OPINION: Liberal Internationalists Are Turning On Central Europe’s Right Wing Governments, And It Looks Like They Have State Department Help

Stephen C. Coughlin Lincoln Fellow, Claremont Institute
Font Size:

Globalists who have been most alarmed by President Trump’s “America First” agenda and its influence on NATO policy and dealings with Eastern Europe have turned to criticizing popularly elected conservative governments in Central Europe to push their cause. And they have allies in Congress.

Case in point: the House Subcommittee on Europe, Eurasia, Energy, and the Environment recently held a hearing with the anodyne title of “Democracy and the NATO Alliance: Upholding our Shared Democratic Values.” Intent on shaping perceptions rather than finding facts, the hearing beat an unchallenged narrative arc of “democratic backsliding” that attempted to link Hungary and Poland with Turkey and Russia in testimony that was as negative as it was unbalanced.

The constitutional objectives of building and securing strong nations, rather than capitulating to the designs of European Union bureaucrats, were dismissed sans debate by witnesses who insisted without valid evidence that the reliable Central European nations were teetering in their dependability and democratic aspirations.

Asleep at the gate were subcommittee Republicans who failed to challenge the assertion that resisting a radical globalist agenda does not make a nation less democratic. In fact, both governments seeking to preserve their culture and values have overwhelming electoral support.

The truth is that as countries who suffered under the Soviet boot for decades, Hungary and Poland fear Marxism and respond accordingly. Having reclaimed their national sovereignty, they remain vigilant against EU soft-power efforts to take it away. For Central Europeans, the bargain was never to trade the hard power domination of the Soviets for centralized control in Brussels. And the liberation of Central Europe was the reason America fought the Cold War.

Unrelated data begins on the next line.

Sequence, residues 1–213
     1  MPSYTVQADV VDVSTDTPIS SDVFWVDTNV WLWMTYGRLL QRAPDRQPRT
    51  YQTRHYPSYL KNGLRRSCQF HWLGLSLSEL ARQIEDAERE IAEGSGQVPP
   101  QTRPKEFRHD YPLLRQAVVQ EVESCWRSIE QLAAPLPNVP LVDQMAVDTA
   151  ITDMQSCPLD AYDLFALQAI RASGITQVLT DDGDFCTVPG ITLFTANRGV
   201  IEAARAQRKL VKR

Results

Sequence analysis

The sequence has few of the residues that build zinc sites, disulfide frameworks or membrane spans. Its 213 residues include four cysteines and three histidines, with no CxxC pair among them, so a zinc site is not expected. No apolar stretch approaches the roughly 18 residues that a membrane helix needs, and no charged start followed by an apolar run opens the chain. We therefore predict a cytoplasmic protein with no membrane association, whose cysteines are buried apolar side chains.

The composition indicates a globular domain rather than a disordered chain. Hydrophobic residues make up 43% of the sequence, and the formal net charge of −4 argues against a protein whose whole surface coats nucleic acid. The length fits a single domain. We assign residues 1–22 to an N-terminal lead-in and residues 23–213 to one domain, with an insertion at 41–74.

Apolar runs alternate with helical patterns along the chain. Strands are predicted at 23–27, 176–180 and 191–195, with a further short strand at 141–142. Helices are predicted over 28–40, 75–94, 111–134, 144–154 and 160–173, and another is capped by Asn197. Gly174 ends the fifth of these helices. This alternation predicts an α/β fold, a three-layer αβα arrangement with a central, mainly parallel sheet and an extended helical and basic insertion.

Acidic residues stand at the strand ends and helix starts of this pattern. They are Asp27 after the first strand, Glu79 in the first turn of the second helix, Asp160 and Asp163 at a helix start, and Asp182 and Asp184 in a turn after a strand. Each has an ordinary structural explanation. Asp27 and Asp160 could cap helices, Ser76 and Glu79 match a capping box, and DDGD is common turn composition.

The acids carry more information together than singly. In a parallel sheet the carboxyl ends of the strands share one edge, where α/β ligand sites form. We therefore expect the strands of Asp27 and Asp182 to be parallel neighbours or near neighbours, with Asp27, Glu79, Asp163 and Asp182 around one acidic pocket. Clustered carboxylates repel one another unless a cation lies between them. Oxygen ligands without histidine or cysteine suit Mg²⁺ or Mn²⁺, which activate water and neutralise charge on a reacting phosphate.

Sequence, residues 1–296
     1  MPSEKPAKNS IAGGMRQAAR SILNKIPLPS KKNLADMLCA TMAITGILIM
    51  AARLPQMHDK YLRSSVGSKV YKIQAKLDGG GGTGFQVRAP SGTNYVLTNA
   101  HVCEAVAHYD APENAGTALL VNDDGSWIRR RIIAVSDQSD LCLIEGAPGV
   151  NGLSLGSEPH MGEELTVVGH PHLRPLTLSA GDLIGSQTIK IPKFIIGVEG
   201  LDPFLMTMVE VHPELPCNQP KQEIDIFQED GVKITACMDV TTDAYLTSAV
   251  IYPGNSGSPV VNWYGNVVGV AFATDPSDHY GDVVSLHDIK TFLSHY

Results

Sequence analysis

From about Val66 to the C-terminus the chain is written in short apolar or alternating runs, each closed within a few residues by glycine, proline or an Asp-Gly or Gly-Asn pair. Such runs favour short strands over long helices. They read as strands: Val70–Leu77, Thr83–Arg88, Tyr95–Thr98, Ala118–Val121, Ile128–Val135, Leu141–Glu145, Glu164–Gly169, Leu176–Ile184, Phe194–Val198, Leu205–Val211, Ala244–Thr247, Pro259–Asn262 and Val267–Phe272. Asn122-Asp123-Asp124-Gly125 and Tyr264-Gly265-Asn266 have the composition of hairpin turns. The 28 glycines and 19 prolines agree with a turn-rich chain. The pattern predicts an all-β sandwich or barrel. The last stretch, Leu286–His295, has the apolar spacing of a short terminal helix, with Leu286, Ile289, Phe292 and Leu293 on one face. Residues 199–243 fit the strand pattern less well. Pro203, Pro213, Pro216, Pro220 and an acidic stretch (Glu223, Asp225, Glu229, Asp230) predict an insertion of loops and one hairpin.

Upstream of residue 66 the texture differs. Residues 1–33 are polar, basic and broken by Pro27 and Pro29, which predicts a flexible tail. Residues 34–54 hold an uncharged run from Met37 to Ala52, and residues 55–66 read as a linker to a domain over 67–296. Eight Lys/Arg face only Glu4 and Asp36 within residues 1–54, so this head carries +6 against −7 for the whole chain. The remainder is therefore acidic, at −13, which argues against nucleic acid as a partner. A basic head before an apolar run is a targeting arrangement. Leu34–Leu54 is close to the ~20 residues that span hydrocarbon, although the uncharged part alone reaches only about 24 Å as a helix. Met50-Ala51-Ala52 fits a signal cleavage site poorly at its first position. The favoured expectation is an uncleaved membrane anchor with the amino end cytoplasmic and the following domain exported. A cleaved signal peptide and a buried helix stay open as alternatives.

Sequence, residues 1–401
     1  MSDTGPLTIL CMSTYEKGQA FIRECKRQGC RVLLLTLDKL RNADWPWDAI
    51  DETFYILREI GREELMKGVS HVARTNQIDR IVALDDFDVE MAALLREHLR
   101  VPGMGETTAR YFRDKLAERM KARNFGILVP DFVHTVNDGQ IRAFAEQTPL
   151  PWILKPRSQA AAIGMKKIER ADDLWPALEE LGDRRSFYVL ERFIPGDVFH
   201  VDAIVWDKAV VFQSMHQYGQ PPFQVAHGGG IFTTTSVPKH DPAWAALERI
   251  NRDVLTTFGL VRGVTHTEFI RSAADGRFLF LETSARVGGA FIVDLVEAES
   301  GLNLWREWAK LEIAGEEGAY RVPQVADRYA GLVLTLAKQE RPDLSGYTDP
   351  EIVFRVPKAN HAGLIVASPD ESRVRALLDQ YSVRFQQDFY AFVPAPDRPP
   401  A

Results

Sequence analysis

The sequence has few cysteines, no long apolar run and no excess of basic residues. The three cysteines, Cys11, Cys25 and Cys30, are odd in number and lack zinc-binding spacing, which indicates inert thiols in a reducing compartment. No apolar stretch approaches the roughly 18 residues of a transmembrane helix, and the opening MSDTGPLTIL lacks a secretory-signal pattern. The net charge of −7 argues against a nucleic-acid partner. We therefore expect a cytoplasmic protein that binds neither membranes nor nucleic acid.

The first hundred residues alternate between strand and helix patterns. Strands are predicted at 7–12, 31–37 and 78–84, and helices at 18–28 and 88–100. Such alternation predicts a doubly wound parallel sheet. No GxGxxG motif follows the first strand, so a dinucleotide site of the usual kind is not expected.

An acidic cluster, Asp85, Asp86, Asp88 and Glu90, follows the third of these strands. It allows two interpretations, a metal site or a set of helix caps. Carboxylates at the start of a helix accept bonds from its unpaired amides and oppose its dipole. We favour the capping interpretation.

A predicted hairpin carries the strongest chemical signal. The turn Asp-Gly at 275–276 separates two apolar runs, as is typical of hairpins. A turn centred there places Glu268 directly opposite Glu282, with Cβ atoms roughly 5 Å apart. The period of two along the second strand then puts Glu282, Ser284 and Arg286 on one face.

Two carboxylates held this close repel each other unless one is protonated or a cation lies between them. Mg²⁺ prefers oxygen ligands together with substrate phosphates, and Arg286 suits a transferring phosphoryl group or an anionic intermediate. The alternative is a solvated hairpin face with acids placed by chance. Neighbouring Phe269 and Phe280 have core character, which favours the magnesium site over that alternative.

BUDAPEST, HUNGARY – MAY 08: People protesting against the new Hungarian government demonstrate outside the Hungarian Parliament building on May 8, 2018 in Budapest, Hungary. (Photo by Laszlo Balogh/Getty Images)

Most disturbing — but unchallenged by the Republicans — was that the testimony to the subcommittee was choreographed; the NGOs were more closely affiliated than was disclosed. For example, the first two panelists were Susan Corke, senior fellow and director of the Transatlantic Democracy Working Group (TDWG), an appendage of the The German Marshall Fund of the United States, and Melissa Hooper, director of Human Rights First. (RELATED: Sen. Bob Menendez Obstructs Key Votes In Foreign Relations Committee)

Hooper is also on the TDWG steering committee, which is co-chaired by Norm Eisen of Brookings. For those paying attention, Qatar is a major donor to Brookings and has not been shy about the strategic role think tanks play in influencing Washington.  Two additional witnesses included Nate Schenkkan, representing Freedom House, where Sofya Orlosky, also of Freedom House, was also a member of the TDWG steering committee.

In other words, three of the four testifying NGOs are part of the TDWG, and all four are affiliated with left-wing billionaire George Soros’ Open Society and its complex network of influential organizations.

But not just the NGO witnesses. When subcommittee Chairman William Keating introduced Corke, he noted his own past involvement with the Marshall Fund. So close, in fact, is the relationship of TDWG with the GMF that the link on the TDWG webpage takes one to Corke’s GMF email.